IWD2019. We’ve come a long way. Rather recently.When it comes to equality a lot has changed in a surprisingly short time. For International Women's Day 2019, Christel Krueger reflects on her own perceptions of gender equality in the 21st Century and what more still lies ahead. Join in with the #BalanceForBetter campaign.
Sometimes we are aware of something without really taking it in. And sometimes we have that eye opening moment when we suddenly realise the full extent of that something we’ve known for a while. I had one of those moments the other day when I was chatting with my mum.
She said, “When I started working, it would have been within your dad’s legal rights to not give his permission for me to go.”
I sort of knew that, but at that moment it hit me: legal. It would have been legal for my dad to control my mum’s actions.
I think about gender equality a lot, but I often think about it in a ‘21st century in the UK’ context – work place culture and parenting – rather than discriminatory legislation. I take the legal status of equality for granted. Rationally I know that it’s not a given, but I am slightly ashamed to say that when it isn’t, it feels either far away or long ago.
Following this conversation with my mum, I went and looked up the law she was referring to, and was surprised to find it was only changed after I was born. Just to emphasise: this law was actually still in place in my lifetime. And I like to think that I’m not THAT old.
The law my mum was referring to wasn’t a UK law, so I also read up on what things were like ‘not THAT long ago’ around here – and the answer is: not much different. Until the seventies, it was legal to pay women lower rates for the same work, women could be made to resign from their jobs when they got married, or sacked when they got pregnant. Women could also be denied their own bank account, credit card or mortgage, or even just a drink in the pub.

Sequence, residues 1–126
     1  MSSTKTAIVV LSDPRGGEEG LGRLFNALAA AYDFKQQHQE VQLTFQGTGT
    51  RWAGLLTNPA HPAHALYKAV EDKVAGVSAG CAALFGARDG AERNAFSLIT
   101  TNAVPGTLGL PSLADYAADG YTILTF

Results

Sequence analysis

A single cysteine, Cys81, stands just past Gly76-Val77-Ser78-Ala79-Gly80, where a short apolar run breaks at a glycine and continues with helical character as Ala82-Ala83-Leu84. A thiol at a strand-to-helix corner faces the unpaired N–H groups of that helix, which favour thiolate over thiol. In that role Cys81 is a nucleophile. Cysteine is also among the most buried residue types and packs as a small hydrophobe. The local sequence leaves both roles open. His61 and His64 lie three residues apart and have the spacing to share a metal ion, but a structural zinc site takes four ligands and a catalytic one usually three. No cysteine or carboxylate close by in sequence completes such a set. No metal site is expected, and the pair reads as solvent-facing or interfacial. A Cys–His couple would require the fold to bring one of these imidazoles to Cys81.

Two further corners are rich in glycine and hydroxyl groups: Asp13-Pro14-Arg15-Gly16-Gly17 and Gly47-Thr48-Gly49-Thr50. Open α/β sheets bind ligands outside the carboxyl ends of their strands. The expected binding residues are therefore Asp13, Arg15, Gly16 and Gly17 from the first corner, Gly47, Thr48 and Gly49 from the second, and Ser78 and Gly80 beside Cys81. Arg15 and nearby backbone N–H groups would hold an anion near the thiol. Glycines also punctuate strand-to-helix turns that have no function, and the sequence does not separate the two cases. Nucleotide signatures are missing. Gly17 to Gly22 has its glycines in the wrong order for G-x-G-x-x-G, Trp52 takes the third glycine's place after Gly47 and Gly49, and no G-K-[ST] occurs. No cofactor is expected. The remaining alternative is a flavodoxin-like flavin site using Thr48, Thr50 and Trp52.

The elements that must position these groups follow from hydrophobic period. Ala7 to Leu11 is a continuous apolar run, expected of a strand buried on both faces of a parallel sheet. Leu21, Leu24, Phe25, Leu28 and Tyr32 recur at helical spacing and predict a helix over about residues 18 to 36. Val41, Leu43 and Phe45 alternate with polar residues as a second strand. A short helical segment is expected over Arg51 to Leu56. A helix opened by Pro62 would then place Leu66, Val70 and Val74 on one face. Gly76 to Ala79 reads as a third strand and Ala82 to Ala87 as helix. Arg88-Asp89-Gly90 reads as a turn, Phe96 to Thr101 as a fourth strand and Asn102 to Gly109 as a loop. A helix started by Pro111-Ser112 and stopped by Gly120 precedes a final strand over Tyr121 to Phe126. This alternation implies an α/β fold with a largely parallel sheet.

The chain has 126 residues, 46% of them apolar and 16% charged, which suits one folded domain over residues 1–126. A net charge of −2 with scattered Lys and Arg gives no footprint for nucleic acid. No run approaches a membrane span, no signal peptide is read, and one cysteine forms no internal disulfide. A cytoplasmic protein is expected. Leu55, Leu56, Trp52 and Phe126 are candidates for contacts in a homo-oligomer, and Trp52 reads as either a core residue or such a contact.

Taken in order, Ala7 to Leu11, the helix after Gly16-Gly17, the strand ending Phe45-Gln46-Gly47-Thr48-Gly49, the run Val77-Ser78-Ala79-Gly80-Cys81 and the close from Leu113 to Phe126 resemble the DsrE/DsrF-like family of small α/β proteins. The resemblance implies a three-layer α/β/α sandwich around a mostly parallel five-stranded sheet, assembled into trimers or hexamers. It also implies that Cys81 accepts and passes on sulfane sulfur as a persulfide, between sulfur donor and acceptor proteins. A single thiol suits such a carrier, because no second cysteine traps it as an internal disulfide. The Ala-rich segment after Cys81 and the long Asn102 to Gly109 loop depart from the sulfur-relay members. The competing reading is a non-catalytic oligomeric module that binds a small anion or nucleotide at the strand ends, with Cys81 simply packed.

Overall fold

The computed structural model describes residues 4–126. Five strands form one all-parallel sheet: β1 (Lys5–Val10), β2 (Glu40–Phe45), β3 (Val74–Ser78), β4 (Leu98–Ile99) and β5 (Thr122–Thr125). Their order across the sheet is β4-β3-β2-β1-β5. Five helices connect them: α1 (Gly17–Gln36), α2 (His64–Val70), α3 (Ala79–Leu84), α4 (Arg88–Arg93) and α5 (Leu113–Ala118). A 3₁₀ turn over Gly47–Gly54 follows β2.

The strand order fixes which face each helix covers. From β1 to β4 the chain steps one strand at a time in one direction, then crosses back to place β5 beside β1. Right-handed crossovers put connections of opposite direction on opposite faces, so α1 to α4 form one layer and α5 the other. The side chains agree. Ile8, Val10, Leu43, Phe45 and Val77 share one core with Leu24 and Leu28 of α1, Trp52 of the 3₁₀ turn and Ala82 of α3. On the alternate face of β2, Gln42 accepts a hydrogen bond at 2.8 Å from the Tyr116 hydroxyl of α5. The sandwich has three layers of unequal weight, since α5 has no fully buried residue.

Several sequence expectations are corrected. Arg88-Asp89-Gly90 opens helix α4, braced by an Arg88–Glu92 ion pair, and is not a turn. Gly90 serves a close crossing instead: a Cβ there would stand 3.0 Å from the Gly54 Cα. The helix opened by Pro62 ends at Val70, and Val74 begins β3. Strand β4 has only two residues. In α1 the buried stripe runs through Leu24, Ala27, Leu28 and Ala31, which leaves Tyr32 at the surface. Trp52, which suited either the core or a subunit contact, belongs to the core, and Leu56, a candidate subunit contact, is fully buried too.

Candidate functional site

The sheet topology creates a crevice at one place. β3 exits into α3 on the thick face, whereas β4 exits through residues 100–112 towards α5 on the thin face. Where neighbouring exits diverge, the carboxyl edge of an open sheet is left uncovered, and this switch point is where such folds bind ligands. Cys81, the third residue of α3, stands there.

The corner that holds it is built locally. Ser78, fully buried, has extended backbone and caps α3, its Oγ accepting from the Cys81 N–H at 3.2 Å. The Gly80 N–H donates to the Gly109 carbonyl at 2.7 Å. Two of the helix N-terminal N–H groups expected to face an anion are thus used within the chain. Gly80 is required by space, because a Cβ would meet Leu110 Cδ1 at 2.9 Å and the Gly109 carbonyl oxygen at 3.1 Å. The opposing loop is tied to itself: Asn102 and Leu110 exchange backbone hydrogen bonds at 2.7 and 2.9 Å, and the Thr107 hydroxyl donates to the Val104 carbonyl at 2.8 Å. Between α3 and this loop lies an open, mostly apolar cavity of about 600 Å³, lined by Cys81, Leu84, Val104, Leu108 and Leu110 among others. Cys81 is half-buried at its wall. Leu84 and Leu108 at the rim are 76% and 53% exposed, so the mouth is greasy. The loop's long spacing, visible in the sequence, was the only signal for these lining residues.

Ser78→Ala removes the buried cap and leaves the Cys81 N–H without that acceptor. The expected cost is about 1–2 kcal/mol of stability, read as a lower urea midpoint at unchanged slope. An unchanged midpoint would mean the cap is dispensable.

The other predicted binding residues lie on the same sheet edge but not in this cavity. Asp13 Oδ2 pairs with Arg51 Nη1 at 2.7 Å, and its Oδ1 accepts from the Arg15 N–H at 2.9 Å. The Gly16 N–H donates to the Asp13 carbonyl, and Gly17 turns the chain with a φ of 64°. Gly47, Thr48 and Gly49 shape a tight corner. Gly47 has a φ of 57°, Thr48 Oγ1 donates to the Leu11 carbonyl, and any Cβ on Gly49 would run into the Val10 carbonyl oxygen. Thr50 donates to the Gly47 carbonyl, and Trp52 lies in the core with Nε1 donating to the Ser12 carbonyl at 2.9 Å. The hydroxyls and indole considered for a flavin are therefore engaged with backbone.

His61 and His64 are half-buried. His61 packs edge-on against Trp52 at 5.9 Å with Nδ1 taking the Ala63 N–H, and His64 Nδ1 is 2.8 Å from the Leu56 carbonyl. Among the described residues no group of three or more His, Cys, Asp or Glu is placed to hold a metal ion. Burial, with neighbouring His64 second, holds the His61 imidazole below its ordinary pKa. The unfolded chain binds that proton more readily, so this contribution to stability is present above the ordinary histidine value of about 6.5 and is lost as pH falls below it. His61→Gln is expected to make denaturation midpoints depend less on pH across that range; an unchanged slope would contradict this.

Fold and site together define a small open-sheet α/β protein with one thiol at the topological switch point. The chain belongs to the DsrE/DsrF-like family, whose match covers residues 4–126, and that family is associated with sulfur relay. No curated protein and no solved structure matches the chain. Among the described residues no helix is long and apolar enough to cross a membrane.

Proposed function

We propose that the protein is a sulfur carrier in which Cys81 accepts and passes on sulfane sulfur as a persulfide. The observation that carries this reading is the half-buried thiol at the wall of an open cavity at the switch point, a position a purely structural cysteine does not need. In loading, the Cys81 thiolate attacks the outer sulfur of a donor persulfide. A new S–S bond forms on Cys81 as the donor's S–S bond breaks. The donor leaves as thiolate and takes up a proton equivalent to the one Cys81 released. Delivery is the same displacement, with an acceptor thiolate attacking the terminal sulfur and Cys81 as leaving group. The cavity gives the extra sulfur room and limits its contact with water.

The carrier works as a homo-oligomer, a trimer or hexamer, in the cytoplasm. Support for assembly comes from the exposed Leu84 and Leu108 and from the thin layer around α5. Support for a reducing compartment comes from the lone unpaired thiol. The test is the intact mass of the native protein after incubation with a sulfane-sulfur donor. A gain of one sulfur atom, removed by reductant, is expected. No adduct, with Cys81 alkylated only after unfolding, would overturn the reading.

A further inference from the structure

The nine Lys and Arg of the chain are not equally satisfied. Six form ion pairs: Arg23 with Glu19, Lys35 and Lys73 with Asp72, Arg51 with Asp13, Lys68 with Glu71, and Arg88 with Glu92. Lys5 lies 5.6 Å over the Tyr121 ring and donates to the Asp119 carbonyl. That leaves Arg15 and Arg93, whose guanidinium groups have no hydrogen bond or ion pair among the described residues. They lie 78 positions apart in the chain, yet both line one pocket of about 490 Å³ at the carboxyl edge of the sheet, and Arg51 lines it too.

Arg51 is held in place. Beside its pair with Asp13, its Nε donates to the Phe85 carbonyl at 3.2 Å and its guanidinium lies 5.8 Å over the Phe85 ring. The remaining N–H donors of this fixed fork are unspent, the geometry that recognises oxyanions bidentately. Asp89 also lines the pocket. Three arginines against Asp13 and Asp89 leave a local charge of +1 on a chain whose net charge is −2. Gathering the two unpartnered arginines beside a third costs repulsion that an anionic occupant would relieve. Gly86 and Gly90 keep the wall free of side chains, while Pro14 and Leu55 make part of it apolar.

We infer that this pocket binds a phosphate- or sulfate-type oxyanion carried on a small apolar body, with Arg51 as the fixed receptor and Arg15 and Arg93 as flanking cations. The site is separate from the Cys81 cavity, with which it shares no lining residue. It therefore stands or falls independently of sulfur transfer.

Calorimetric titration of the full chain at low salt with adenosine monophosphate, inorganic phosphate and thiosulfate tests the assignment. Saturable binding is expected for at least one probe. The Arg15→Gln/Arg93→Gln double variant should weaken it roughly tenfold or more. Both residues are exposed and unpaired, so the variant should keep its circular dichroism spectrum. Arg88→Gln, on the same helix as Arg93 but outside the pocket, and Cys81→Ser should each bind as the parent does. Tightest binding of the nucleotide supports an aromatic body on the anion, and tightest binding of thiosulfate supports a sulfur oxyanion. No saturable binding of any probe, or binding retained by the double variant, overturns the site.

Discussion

I mean, seriously? Unbelievable.
In practice, many of these laws were no longer implemented – after all, this was shortly before the UK elected their first female Prime Minister. But the point is, it was still legal.
Very broadly speaking, law reflects what a society thinks is right or wrong. However, there usually is a lag between a shift in societal values and its manifestation in law. The question is what has changed from a society that accepts gender discrimination by law to a society which generally feels that those common law rulings are outrageous? I can immediately think of two things.
The first stems from a point of view where women are generally considered inferior, both physically and intellectually, and therefore need to be protected for their own good; making sure that they avoid making silly financial decisions and don’t get into unfortunate situations in pubs. A woman needs to, and will want to be, looked after. The second relates to the idea of a clear division of labour between the two sexes: while women are responsible for the inner realm of looking after house and family, men are responsible for managing the outer realm. And so laws were created to ensure this ‘right’ way of doing things. These days, most of us don’t think like this anymore.
Gender equality has a lot to celebrate. Very tangibly, laws have changed, which is a reflection of a societal shift that would have been considered impossible just a few generations ago. At the beginning of the 21st century we’re finally seeing women being Director General of CERN, Metropolitan Police Commissioner, or winner of the Fields Medal. We are also seeing couples jointly working both inside the home and out in the workplace while raising healthy, happy families. We are becoming ever more familiar with these things.
But we are also familiar with terms like gender pay gap, glass ceiling and #MeToo – continuing evidence of gender disparity in society. And, just out of interest, how many replies to a child’s birthday invitation have you had recently from a dad rather than a mum?
We’ve certainly moved forward on many fronts, but there is no grounds for complacency. The ultimate celebration will be when ‘women’s firsts’ are no longer a thing. And, when after the school trip the teacher no longer says, “I’m so glad your mummy has a washing machine,” but uses the word ‘parents’ instead. The task for our generation is to cherish and protect the seedlings planted by our parents and grandparents – and to make sure they continue to grow.
8 March, 2019